So, I’ve been on a prolonged mission to get the garage workshop a bit more organised. One thing that had frustrated me was having screws, bolts, nuts etc in small jars and packets in different places. Not knowing what I had caused me to buy doubles of common items and then it was a hassle finding things.
To get sorted, I bought a bunch of plastic organiser trays (they happened to be on a clearance sale so I bought double 🙂 ). Filling all the trays and labeling them all was very therapeutic and has been a huge improvement in itself. However, all the trays are currently sitting on the garage floor 😦 .
To fix this problem, its time to build a custom shelf with individual trays to slide each organiser into. Also, this was a good opportunity to learn how to use the plunge router I picked up at Dapto Markets (there’ll be plenty of mistakes and misadventures to report about ).
The shelf is essentially a frame with an internal divider and multiple trays.
I forgot to take a bunch of photos when doing the grooves because I got a bit frustrated using the router. Basically, I was learning on the fly. I’d made two tests passes and thought I had the hang of it, but I didn’t. There’s a small thumbwheel on the side that can be used for the depth stop, however, it doesn’t take much downward pressure to overcome the thumbwheel’s lock. When I was pressing down on the router to keep it down in the work, I was basically pushing it down the whole distance and plunging it through a lot of material. It also explains why it felt like I was dragging the thing through molasses. The poor router bit was trying to cut through an inch of Australian hardwood!
Anyway, after a bit of swearing and frustration, I changed my approach after realising there was a plunge lock mechanism. Now I set my desired depth, engage the plunge lock, route, stop, increase the depth stop, relock the plunge mechanism and take the next pass.
Another lesson learned was the need to ensure my edge guide is very secure. When you’re moving the router, there’s a lot going on – its loud, you’ve got glasses on, you’re trying to keep a good grip on the tool whilst holding the trigger – and you need to be able to rely on the edge guide and workpiece being secure. If the edge guide or workpiece moves, you bugger it up!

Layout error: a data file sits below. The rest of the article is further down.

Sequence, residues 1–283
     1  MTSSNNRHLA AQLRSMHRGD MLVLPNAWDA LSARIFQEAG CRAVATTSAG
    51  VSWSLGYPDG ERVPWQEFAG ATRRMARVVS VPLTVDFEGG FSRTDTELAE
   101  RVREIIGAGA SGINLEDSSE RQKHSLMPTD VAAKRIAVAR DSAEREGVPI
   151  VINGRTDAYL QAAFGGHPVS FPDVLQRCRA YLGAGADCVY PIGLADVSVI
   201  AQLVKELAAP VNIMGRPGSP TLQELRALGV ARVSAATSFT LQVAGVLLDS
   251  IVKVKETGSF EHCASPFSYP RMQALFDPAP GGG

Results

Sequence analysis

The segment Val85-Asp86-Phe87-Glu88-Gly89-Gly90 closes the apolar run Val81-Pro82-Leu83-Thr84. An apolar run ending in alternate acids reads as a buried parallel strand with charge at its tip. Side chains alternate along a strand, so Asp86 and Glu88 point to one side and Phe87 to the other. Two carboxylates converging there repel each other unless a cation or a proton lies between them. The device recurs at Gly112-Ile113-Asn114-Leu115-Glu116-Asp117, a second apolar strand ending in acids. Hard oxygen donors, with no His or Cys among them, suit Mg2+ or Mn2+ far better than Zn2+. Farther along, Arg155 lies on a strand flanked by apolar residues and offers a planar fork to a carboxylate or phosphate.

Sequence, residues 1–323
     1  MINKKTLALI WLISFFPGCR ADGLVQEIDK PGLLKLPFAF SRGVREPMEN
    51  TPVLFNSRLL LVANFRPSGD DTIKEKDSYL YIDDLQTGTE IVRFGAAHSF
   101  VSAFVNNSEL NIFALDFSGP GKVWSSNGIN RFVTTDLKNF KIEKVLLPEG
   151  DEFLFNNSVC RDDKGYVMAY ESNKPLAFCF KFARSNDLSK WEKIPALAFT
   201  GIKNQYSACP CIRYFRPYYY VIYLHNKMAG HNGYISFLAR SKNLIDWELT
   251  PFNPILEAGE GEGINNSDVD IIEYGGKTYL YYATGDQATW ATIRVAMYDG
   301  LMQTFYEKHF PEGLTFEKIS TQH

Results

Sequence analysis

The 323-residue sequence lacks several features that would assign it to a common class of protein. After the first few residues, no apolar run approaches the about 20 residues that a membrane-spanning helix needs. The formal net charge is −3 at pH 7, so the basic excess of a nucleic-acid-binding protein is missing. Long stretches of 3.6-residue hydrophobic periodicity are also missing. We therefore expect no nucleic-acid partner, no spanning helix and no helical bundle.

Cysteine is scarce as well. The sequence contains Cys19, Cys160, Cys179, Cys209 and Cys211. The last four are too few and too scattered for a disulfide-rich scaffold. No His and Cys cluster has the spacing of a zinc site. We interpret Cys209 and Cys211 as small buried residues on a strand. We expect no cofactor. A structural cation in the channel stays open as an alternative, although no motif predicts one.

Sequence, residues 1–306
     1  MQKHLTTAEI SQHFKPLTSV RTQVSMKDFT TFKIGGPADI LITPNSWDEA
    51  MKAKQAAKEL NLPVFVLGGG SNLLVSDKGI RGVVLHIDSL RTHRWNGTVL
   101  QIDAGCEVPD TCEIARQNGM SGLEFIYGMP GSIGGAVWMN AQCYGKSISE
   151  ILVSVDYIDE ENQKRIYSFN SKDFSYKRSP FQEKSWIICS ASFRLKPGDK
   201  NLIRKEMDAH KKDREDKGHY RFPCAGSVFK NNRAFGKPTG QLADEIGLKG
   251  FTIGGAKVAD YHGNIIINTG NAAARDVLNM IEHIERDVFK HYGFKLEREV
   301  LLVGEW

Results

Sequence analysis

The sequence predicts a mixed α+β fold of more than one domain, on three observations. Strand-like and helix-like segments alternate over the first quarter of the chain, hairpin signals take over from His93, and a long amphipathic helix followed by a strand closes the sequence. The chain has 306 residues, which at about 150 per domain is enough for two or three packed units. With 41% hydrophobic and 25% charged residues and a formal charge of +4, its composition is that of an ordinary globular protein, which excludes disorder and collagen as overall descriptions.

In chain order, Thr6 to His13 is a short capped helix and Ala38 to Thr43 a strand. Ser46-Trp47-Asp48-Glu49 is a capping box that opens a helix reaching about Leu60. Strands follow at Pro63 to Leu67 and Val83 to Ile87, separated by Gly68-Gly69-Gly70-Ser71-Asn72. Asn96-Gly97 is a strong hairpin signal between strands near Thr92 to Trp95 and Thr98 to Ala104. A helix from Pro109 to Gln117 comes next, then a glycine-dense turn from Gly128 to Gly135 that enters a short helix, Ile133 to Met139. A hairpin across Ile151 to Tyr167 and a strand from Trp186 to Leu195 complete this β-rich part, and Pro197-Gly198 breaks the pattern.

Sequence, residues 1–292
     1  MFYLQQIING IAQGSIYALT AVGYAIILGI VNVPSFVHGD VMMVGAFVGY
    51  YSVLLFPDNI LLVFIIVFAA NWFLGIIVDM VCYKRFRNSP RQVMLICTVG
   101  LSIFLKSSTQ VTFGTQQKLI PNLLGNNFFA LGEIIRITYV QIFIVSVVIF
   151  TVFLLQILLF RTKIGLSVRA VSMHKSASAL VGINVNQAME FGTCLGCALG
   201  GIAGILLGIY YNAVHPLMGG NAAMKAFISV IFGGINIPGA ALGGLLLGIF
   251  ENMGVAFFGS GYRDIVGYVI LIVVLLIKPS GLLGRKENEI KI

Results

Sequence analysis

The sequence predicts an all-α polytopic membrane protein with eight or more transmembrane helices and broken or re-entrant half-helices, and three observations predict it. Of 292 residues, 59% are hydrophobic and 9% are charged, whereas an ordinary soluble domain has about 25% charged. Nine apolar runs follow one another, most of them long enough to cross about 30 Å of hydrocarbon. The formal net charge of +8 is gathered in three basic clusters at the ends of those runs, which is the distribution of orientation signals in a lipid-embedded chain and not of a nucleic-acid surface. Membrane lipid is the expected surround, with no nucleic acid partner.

Next to do was make a large groove/recess down the centre of the top and bottom pieces to hold the vertical divider. Learning from my mistakes, the edge guide was held securely.
Now the top piece could be temporarily secured in place so I can measure how long the internal vertical divider needs to be.
Securing the top to the sides involved using regular wood screws. During the week I picked up some countersinking drills to see if they are any good.
Normally I’d pilot drill the hole and then countersink the hole so the wood screw’s head would sit flush, this doesn’t produce the cleanest finish and its an extra step. I was hoping that the new drill bit gave a better finish and was faster.
I’ll be using the countersink pilot drill bit again because its is much faster and the finish is far superior to my old way.
Placing the internal divider into position, I could mark its required length.
Once the divider was cut to length, a test fit could be made.
The internal divider needs to be trimmed down in width a bit. Something has moved when I was cutting all the pieces to width.
Its starting to look like something useful.
Ok, so things remaining to do are:
- transfer the position of the grooves to the internal divider
- cut the internal divider grooves
- cut all the shelves
- I’m thinking I’d like to route a hand-hold in each shelf so each divider can be grabbed easily
- fix the gouges. I think I might fill them with epoxy. I don’t want to hide them because they’ll serve a reminder of the mistakes I’ve made and what I’ve learned.
- mount it on the wall